A team of astronomers from ETH Zurich have suggested that an important event in the heavens might be observed for the first time: the birth of a new planet situated 355 light-years away from us. The findings have been published in The Astrophysical Journal.
Formation of a giant gas planet (right) near the star HD 100546 (left). Artist’s impression: ESO / L. Calçada.
The astronomers requested for the Very Large Telescope (VLT) to be directed at a particular point in the sky to observe the phenomenon.
The star called HD 100546 was first spotted 2 years ago, in 2013. It is said that a young gas planet, bearing similarities to Jupiter, which is also a gas giant, is orbiting the star.
The young planet orbits around the young star with an epic disk of gas and dust around it – a circumstellar disk. The planet is found in the middle of this dusty disk. It is said to form when a dense region of gas pulls tighter together. The swirling gas gradually takes into more material towards itself such that a gas planet is formed.
At first, it was suggested that the planet might be an older gas planet formed towards the center of the disc. It can now be properly observed because it is moving outwards.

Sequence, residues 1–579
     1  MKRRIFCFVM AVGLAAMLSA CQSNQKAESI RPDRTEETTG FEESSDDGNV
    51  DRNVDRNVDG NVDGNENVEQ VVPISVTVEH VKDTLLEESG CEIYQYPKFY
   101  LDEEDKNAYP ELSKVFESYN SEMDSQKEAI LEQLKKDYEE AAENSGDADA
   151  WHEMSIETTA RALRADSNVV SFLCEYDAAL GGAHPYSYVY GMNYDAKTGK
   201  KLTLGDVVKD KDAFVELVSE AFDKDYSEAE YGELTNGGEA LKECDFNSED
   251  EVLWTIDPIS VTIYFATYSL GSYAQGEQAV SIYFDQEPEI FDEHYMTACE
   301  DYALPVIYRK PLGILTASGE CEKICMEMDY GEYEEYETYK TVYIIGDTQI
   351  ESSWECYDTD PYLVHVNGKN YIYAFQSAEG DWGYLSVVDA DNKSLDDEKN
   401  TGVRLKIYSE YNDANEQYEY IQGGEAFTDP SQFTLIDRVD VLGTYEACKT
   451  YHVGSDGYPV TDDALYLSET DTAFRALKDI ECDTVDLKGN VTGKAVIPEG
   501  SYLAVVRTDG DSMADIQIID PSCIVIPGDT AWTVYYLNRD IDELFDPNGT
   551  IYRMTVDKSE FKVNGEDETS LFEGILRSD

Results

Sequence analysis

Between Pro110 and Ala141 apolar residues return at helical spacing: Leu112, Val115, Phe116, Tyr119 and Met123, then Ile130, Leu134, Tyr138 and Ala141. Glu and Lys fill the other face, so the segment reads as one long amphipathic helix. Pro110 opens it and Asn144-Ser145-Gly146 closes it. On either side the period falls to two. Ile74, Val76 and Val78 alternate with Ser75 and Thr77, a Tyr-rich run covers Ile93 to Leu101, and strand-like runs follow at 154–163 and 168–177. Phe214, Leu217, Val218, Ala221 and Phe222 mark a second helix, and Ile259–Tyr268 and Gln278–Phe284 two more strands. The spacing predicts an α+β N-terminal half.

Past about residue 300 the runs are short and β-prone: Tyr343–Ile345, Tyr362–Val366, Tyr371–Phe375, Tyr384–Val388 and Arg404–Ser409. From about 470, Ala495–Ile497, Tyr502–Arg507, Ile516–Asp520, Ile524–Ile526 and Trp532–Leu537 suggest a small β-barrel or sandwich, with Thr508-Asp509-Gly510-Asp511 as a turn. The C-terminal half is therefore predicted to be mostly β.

“It’s a scenario we still can’t rule out completely,” said one of the authors, Sascha Quanz of ETH Zurich. “But it’s much less likely than our explanation, which suggests that what we’re seeing is the birth of a planet.”
However, the likelihood of it being an old planet moving outwards from its circumstellar disk is deemed to be smaller than it being a newly-born planet in that location. Furthermore, new data hint at the latter: the source of the signal detected came from just outside the circumstellar disk and not from another source.
“The best explanation for the observed phenomena is that a new planet is actually in the process of formation, embedded in the disk surrounding its parent star,” conclude the researchers in their paper.
The giant gas planet is not yet formed completely, and therefore the astronomers believe they might observe the process of its formation.